Ponderables and Imponderables
Business planners by this time already have their own basic assumptions on how the Philippine economy would perform this year. They have their own macro-economic targets, guided by the set of goals forecast by government planners.
But economic and business planning is a dynamic exercise. No targets are set in stone—there are ponderables and imponderables that one may expect or not. And they include the geopolitical situations in other parts of the world that could throw a monkey wrench in the works.
Russia invaded Ukraine in late February last year, disrupting the global supply chain that caused world oil prices to surge to over $120 per barrel in the ensuing months. The war set off a chain of events that jolted the global financial markets. Soaring oil prices along with the break in the supply chain of wheat and corn led to high inflation in most of the world, which in turn prompted central banks across the globe to increase interest rates.
Exchange rate targets went awry—the peso flirted with the 60:$1 level briefly late last year following the big rate adjustments of the US Federal Reserve. Suddenly, the cost assumptions of many companies were way off target.
Higher inflation and interest rates are the basic recipes for recession. The United States and most of Europe are now preparing for a recession or an economic slowdown in the aftermath of the war and higher inflation. The recent surge in Covid-19 cases in China is compounding the problems of the global economy.
The Philippines, however, may be luckier than many nations. It has weathered soaring inflation and elevated interest rates. Daily Covid-19 cases have gone down below 1,000 in the last few days of December. The Philippine economy, in fact, expanded 7.6 percent in the third quarter despite rising interest rates, higher inflation and the geopolitical tensions in Eastern Europe. Our economy grew 7.7 percent in the first three quarters of 2022, exceeding the target range of 6.5 percent to 7.5 percent set by the government. The last time the economy expanded 7.7 percent in the first three quarters was in 2010.
The Philippines is not insulated from the global recession but I am confident of a solid economic growth this year. The holiday spending and the hectic pace of travel that we saw in December last year attest to a strong economic performance in the fourth quarter.
I fully agree with the assessment of Finance Secretary Benjamin Diokno on the Philippine economy. The worst is over for the economy as Filipino consumers went to the malls in droves to shop and dine in restaurants during the holidays. Many traveled to the provinces to celebrate Christmas and the New Year. Consumer spending is back with a vengeance.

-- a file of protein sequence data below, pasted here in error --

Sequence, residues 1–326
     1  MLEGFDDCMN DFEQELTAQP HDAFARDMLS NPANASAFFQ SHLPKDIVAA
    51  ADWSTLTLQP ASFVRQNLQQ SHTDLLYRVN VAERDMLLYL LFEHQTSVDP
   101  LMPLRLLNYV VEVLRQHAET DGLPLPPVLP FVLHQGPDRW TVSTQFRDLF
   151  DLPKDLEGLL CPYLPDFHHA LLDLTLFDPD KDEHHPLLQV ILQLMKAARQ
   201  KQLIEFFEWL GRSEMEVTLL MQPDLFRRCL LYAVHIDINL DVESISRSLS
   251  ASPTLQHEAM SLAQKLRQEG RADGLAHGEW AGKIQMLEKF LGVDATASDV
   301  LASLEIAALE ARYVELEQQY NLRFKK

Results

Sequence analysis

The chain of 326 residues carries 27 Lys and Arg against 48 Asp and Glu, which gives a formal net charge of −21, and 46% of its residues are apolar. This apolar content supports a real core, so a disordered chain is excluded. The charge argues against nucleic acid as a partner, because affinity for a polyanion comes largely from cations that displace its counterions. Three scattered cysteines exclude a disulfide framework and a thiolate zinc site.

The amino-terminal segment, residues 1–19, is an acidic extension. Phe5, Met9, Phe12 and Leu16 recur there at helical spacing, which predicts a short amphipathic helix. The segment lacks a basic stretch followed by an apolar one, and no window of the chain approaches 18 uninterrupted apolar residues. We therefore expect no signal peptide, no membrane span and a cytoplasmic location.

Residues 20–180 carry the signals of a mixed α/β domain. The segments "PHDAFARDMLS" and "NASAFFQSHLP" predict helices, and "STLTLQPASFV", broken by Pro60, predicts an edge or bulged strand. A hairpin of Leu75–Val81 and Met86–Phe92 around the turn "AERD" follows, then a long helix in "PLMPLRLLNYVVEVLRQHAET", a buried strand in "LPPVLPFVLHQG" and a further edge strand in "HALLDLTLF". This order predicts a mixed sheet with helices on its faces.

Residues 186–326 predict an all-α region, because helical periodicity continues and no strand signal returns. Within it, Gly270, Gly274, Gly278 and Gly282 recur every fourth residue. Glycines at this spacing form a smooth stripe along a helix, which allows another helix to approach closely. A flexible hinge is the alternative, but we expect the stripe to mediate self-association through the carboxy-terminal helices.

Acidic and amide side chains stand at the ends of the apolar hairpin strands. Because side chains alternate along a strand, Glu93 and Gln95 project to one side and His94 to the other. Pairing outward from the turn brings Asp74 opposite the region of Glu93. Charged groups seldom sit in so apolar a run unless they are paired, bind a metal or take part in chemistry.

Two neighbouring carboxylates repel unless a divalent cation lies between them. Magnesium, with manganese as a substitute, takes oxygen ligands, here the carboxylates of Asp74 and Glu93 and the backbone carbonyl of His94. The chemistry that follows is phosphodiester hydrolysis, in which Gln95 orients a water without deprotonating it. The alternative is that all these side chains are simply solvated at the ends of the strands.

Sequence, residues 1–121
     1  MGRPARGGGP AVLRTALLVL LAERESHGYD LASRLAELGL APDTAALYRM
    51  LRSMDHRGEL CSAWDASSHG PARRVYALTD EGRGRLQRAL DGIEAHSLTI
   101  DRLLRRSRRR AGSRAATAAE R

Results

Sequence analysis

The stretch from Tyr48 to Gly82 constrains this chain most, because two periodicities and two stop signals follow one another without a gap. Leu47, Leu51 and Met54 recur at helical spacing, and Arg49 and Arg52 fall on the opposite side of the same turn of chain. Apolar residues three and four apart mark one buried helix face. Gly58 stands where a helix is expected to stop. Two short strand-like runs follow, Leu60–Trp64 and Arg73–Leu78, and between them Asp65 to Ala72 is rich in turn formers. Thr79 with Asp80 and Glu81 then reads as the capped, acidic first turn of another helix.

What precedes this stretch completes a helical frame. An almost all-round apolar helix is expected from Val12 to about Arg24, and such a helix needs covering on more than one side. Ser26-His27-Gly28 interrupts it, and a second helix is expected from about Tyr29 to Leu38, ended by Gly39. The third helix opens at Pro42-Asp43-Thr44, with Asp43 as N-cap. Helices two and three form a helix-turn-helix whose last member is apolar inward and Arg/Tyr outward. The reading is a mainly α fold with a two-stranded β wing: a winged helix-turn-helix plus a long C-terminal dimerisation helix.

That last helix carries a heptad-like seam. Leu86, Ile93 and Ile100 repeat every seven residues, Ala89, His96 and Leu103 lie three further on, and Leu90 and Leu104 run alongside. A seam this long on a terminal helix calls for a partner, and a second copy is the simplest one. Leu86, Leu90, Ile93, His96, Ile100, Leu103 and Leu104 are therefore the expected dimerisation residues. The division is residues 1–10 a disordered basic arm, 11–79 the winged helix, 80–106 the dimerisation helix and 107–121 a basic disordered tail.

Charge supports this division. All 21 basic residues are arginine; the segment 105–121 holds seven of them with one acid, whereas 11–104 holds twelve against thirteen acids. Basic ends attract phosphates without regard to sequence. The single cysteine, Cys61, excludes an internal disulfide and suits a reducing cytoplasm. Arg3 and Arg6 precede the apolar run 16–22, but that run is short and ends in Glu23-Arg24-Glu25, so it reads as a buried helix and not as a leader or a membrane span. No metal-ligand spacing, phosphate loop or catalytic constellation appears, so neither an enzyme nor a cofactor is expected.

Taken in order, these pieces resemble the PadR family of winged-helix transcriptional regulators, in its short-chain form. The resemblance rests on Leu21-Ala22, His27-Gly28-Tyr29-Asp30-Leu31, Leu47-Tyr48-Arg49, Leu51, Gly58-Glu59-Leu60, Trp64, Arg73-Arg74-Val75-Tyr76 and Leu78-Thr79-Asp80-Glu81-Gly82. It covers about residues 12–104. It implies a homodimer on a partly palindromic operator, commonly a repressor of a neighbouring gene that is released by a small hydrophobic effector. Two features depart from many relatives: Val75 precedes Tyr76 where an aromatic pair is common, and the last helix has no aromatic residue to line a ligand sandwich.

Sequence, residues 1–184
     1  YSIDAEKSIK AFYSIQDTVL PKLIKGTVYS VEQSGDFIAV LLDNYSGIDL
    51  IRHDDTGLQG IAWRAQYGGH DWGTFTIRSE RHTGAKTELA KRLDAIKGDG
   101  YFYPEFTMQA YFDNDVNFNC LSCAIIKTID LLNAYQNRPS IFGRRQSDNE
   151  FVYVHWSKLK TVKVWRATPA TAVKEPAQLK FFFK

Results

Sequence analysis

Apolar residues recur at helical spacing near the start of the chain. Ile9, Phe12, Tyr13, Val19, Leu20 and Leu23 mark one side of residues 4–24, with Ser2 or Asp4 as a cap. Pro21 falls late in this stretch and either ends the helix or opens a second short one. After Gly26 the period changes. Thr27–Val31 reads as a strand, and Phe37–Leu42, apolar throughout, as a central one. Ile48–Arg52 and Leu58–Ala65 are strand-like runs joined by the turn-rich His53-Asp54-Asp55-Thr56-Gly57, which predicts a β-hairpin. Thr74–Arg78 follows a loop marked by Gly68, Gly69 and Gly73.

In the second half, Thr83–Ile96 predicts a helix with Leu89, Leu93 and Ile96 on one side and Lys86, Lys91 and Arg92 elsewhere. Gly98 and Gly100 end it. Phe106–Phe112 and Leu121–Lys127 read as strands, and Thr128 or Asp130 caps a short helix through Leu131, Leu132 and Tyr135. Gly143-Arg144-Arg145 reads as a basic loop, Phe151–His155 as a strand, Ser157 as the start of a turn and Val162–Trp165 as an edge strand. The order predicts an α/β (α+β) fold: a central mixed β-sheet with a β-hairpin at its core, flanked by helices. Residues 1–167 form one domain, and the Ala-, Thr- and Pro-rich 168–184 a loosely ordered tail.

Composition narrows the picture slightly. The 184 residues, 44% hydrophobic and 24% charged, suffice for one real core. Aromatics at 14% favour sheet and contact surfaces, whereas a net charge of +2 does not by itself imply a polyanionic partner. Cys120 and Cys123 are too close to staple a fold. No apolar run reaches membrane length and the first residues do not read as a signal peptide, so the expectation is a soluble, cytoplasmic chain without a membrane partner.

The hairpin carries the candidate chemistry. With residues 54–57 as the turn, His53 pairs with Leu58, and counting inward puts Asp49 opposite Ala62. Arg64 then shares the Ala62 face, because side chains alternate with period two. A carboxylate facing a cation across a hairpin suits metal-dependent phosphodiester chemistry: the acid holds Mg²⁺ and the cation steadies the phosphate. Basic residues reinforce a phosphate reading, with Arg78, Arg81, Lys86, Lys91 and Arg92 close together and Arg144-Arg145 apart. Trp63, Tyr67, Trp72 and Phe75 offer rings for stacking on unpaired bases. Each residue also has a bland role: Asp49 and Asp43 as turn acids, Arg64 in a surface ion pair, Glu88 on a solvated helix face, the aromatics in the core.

We have survived the impact of Russia’s invasion of Ukraine and the peso is back on the 56:$1 territory. I see a resilient Philippine economy this year, with domestic demand as the chief growth driver.
We have seen positive economic indicators during the fourth quarter that will sustain Philippine economic growth. The S&P Global Philippines PMI, for one, has mostly been on an expansion mode, hitting 52.7 percent index points in November. Jobs in the manufacturing sector rose 10.4 percent year-on-year in October as higher sales signaled business expansions and higher capacity use. The unemployment rate, meanwhile, dropped to 4.5 percent in October, down from 5.3 percent during the pre-pandemic period.
I am confident that the improving labor market, the recovery of the manufacturing sector and President Marcos’ push for bigger infrastructure spending will drive economic expansion this year. The stable political situation and the strong mandate received by President Marcos in the May elections are contributing to better economic prospects this year.
A more business-friendly environment also augurs well for the Philippines. Recently-enacted economic reforms like the amendments to the Public Service Act that encourage foreign investors to join in power, telecommunications, airports and other infrastructure projects with 100-percent equity will spur more businesses to open and create more employment opportunities.
And as I mentioned earlier in my previous columns, the Philippine economy has room for growth. The economic reopening, along with the full resumption of face-to-face classes, is bearing fruits. I am confident the Philippines will again survive the imponderables in 2023.